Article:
Computer stopped booting...I think?

Multiple / N/A
April 21, 2018 at 10:54:50
Specs: Win7, 8GB
Hoping that wise heads can give me some steps that I might try to try and bring my desktop PC back to life? I was just using a browser when the screen when black, the monitor went to its power saving mode and didn't come back to life as it normally would when I move the mouse.

I then had to hold the power button down for a hard reset, at which point the fans spun up, though sounding slightly different. The monitor still didn't display (no idea whether booting proceeded to the desktop). The light on the wired, USB-connected keyboard didn't come on at all.

Another hard reset produced the same again, though this time not even the "power-on" LED on the chassis lit up, only the sound of a fan or fans and possibly the HDD spinning.

Power supply? Motherboard? Are there ways to test them in isolation to definitively find the culprit? It's a self-built thing that's almost five years old now, should boot to a much newer SSD with Windows 7, and is fairly well-maintained, cleaned, etc..

Thanks in advance,
Sarah.


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#1
April 21, 2018 at 11:41:24
For starters, please post the make/model & wattage of the power supply.

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#2
April 21, 2018 at 12:00:14
Apologies for the lack of detail, riider, wasn't sure what information would be relevant...

Seasonic G-360 (360W) - http://www2.seasonic.com/product/g-...

message edited by Repeat3


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#3
April 21, 2018 at 13:35:15
try this one:

1) Unplug the power cord from the wall&turn PSU off
2) Hold down the power button for about 30 seconds
3) Put the power cord back in& turn PSU on
3) Start it up..

i5-6600K[delid]@4.8GHz/4.4GHz@1.39v LLC=6 | 2x4GB Crucial-DDR4-2133CL15@14-14-14-30 1T 2800MHz@1.37v
MSI Armor RX 570 4GB@1430Mhz core@1.25v/1920MHz memory@1.0v BiosModded


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Related Solutions

#4
April 21, 2018 at 16:47:24
"How Do I Test the Power Supply in My Computer?"
http://pcsupport.about.com/od/tools...

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#5
April 21, 2018 at 16:49:53
Seasonic is a decent brand & the PSU has good specs for a 360W unit. If hidde663's suggestion doesn't work, I suggest temporarily eliminating as much as possible to see if you can at least get the BIOS screen to display.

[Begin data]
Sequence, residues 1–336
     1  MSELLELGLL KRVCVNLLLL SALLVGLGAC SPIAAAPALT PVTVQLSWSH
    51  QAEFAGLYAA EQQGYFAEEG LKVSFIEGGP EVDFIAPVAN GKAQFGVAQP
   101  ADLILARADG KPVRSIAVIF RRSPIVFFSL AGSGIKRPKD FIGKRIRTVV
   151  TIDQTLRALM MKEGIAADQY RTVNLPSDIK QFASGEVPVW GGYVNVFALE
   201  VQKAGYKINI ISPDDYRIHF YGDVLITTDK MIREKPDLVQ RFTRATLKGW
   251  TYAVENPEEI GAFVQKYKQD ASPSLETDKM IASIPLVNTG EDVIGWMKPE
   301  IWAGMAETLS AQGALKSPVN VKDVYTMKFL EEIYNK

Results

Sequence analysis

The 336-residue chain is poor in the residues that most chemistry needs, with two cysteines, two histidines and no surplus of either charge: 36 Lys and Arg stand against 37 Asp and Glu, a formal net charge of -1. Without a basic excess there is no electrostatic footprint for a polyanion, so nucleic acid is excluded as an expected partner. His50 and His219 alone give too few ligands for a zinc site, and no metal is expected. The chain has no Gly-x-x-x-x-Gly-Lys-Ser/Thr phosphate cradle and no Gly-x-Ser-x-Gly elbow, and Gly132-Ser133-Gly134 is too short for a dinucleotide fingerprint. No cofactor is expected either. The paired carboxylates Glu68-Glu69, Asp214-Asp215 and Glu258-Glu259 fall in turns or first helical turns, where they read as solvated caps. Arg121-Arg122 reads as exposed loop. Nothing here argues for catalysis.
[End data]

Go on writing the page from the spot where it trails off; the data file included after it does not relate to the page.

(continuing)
Try the following making sure to unplug the power cord 1st:
- unplug all external devices except for the monitor & keyboard. Keyboard should be USB (wired) or PS/2.
- unplug the power & data cables to all internal drives (SSD, HDD, DVD, etc).
- if you have a video card installed but your motherboard has onboard graphics, remove the card & connect the monitor cable to the motherboard port.
- if you have any other add-on cards - wireless, audio, etc - remove them too.

After doing the above, plug in the power cord & see if it will power up. If it does, tap the appropriate BIOS key (Del, F1, F2, F10, Esc, etc...whichever is used by your board) & see if you can access & maneuver within the BIOS using the keyboard. Double check all your settings, change as needed, save & exit, then shutdown. Start reconnecting the hardware (1 or 2 things at a time) to see if one of them causes the problem again.

If you are unable to get a display with the minimal hardware, try doing a BIOS reset. Unplug the power cord, then either use the Clear CMOS jumper or remove the CMOS battery for a few seconds. Plug in the power cord & then try again booting & tapping the BIOS key again.

If none of this works, you've narrowed it down to the board, PSU, or CPU.


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#6
April 22, 2018 at 07:32:42
Thanks to all of you who have taken the time to help, sorry that it's taken me until now to reply.

@riider: I only found your latest post after having tried the following, hopefully my version of your testing method isn't too cringeworthy to read!

Having read hidde663's post late last night, and having already disconnected every drive, I tried the power button with only the case fans, CPU cooler fans and memory connected (I don't have a graphics card). The led around the power button lit up and all fans spun up. I don't get to see it very often with the case closed, so I don't know if it's any different, but the CPU cooler fan doesn't seem to be spinning very fast, certainly not as fast the case ones, and with a slight wobble.

I then attached the monitor, the SSD, and the the wired keyboard and mouse, and tried again. It booted to the desktop perfectly. It's still working with the HDD reconnected too.

The only things not now reconnected are the CD/DVD SATA drive, a USB dongle that connects to a secondary wireless keyboard, and a USB extender cable that I only very occasionally use for a webcam.

Some kind of overheating, perhaps? It was cleaned not too long ago so it's survived worse in the past. I know my mothercard offers some kind of temperature monitoring (always between 28-38°C from memory), might there be some way to log it so I can keep an eye on it?

Again, thanks so much for your guidance and willingness to help, it's really appreciated!

Sarah


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#7
April 22, 2018 at 07:37:02
"but the CPU cooler fan doesn't seem to be spinning very fast, certainly not as fast the case ones"
If the blades are a blur, the speed should be Ok.

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#8
April 22, 2018 at 09:11:13
@Johnw: Yes, a definite blur. I'm probably just comparing them to the case fans for no reason, looking for a fault where none exists. Still seems to be working ok, touch wood...

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#9
April 22, 2018 at 15:59:11
Install HWMonitor to see your temps real time.
The USB issue may be a drive issue that needs an update from the system manufacture's web site.

You have to be a little bit crazy to keep you from going insane.


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#10
April 22, 2018 at 16:27:00